Given the negative relationship between width and speed, and given that tires measure bigger on our rims than on any others tested (which we knew they would - those who've followed the Rail story know that design parameter #1 was an 18mm interior width), we had to peel the onion back a little bit on that one.  Interpolating the difference between 23mm and 25mm tires on the 404 creates a line that predicts where tires of widths between those two would fall.  Create the same line with the Rail 52, and you see that for any given actual inflated tire width, the 52's "seconds saved" line is above the 404's.  Of course we wouldn't be us if we didn't point out with equal emphasis that the 34's "seconds saved" line is below the 3.4's, so by using the same metric, a 3.4 is a little bit faster than a 34 for any given inflated tire width.  

The current trend is absolutely for wider tires.  Note that when we decided to test two tire sizes, we chose a 23 and a 25, not a 21 and a 23.  Wider tires have been shown to have lower rolling resistance at equal pressure (don't worry, we're building a better mousetrap to measure that), and as many people have learned, offer advantages in both comfort and handling.  Inflated volume also has serious ramifications for what tire pressure to use, which we will discuss in much more detail later, but the strange looks I've gotten for the past two years when I tell people what psi I use now make perfect sense.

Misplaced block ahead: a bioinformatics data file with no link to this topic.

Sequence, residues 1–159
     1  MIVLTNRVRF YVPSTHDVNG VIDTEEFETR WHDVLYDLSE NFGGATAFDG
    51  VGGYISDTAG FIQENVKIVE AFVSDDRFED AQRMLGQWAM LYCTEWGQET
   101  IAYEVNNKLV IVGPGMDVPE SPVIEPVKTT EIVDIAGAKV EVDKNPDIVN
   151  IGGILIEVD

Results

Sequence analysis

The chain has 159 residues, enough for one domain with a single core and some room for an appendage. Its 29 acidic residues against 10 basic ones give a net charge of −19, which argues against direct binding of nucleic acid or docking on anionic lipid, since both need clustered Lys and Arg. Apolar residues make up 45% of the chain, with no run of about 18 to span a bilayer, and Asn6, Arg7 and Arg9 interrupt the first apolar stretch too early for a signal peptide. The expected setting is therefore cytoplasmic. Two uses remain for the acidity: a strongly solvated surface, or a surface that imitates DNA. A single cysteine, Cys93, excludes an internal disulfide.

There is a terrific amount of interrelated data that comes out of this, all of which will come out over the next several installments, but for now the myth (if there really was one) that wider tires are aerodynamically faster is busted.  


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  • ian spivack on

    great job Dave, nice work. Zipp recommends 23mm tires with their 404 wheels and a 25mm tire with their super9 carbon clincher disc as they say that those wheels were designed around those size tires. So its not surprising that you got the same data that they probably got for the 404. Also, good point in that there is no such thing as the "eyeball wind tunnel"Ian

  • Mike May on

    Look again Brian. The size of the dots represents the depth if the rim not the width of the tire. We use color to make it a little easier to see how 23s and 25s set up on each. Zipps for example at both green dots, Enves both yellow. The darker hue in each instance is the 23mm tire and the lighter hue is always the 25mm tire. I'll add a line of copy to the graphic that explains this more clearly than the legend alone, which doesn't quite get us there.

  • Dave K on